It seems like a world ago , but Tritons wrote in after our Winter 2020 “ Epic ” issue :
Dear Triton Magazine : Your article about Judy Sweet (“ Sweet Victory : How Judy Sweet Changed the Game in Collegiate Athletics ”) had some inaccuracies .
The opening paragraph uses the passive to explain Sweet ’ s ascendancy : “ In 1974 , UC San Diego made a nontraditional choice in selecting Judy Sweet as its athletic director .”
UC San Diego higher administration perhaps approved this selection , but it was my father , Dr . Howard F . Hunt , then Chair of Physical Education , who appointed her . It was an innovative and surprising choice at the time , and he received criticism for it . But he stood by his decision that she was the right person for the job . It was so unusual that The Chronicle of Higher Education did an interview with my father and with Sweet , and put her photograph on the front page . He was the first university physical education chairperson to appoint a female director of athletics in the country .
And in the second paragraph : “ Sweet promptly set about using the new law ( Title IX ) to chart an ambitious course for our athletics programs — which at the time had large disparities in resources .” She did not do this by herself . My father , who was still chair , had already set many of these policies in place , and together they worked — along with other excellent professors and instructors
in the department — to right these disparities . My father ’ s overarching goal was to make UCSD physical education and sports programs consistent with his view : that members of the UCSD community should be participants , rather than spectators , and that fitness and well-being should be available to all students , faculty and staff . To this end , innovation in class offerings and an abundance of intermural opportunities were deemed crucial .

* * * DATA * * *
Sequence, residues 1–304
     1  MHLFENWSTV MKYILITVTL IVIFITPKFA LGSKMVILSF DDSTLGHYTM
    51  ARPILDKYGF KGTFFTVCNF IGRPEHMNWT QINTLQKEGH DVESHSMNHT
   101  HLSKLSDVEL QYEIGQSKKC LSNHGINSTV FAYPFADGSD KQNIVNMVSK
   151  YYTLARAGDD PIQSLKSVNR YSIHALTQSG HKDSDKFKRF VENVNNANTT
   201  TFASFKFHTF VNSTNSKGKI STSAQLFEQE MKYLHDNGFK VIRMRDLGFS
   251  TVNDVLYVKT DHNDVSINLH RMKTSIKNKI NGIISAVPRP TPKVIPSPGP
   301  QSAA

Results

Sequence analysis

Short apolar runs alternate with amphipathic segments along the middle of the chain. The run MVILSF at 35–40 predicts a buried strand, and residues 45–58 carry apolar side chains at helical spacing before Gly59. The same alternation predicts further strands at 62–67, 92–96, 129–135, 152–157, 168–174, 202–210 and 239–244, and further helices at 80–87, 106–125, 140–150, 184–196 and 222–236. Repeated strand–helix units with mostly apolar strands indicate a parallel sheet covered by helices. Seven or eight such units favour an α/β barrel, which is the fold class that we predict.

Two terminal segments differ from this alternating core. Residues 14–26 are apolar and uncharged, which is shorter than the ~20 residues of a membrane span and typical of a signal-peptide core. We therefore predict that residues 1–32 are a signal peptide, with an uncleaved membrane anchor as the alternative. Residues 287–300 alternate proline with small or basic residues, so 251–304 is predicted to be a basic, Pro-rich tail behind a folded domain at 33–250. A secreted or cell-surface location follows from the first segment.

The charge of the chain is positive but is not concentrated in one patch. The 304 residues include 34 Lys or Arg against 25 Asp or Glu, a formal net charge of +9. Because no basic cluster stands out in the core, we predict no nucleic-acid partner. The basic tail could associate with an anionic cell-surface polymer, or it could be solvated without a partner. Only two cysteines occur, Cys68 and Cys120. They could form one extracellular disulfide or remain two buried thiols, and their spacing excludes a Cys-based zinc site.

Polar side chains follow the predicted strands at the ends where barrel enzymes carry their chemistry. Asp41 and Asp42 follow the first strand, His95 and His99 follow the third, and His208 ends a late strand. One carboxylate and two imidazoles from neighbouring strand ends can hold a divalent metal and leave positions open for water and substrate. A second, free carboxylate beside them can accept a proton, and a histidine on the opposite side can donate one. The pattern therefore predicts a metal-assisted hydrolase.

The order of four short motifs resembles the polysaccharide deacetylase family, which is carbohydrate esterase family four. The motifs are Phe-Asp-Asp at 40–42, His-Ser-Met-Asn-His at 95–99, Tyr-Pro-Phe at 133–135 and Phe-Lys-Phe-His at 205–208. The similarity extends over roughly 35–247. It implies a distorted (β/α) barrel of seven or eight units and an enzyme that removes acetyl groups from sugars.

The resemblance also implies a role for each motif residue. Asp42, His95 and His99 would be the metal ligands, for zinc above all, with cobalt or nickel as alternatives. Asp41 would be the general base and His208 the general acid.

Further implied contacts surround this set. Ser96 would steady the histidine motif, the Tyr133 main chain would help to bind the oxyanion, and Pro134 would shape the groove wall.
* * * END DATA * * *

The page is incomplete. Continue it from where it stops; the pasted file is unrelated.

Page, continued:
I hope you publish this letter . Many of the hundreds of UCSD staff , faculty and students my father helped ( to quit smoking , to find a daily fitness regime that was sustainable , to eat in moderation with thoughtful consideration , and to think positively ) have perhaps left UCSD . But I am sure they have not forgotten him .
I would love it if some of these UCSD graduates , and former staff and faculty might write a sentence or two to Triton expressing memories of my father , and his contribution to their approach to fitness and exercise . He was a native Californian , a graduate of UCLA , and he truly embodied the resourceful spirit of California and of UCSD . — Robyn Hunt ’ 78 , MFA Carolina Distinguished Professor , University of South Carolina
Dear Triton Magazine : I ’ m a GPS alum from 2000 , and reviewing my print copy of the Winter 2020 magazine this evening , I just had to send you a quick word of congratulations and thanks for this excellent publication . I am an alum of several schools , some very prestigious , but your magazine surpasses anything I receive from them or have seen from other schools . With all the personal and professional stories — the wide breadth of which is impressive alone — you manage to inform , teach , and inspire with each well-written article . It makes an alum like me really proud to belong to UCSD ! What a wonderful team you must have .
So , thank you once again for your fine work and dedication to making each edition better than the last . I wonder what the next edition will hold . — Abe Lee , MPIA ’ 00
BRUSHES WITH GREATNESS
When I was a Revelle freshman , Linus Pauling lectured on orbital theory in Jon Singer ’ s first-year chemistry . I followed Pauling out of the lecture hall into Revelle Plaza to ask a question . He said we should sit down to talk , so we did , and 10 minutes later when I looked up , we were surrounded by students listening as well . It was a wondrous time . — Steven Tracy ’ 72
In 2004 , I briefly did crunches next to my hero Kobe Bryant ( RIP ) at RIMAC . The whole gym , and time , stood still ! — Jeff Wilson ’ 07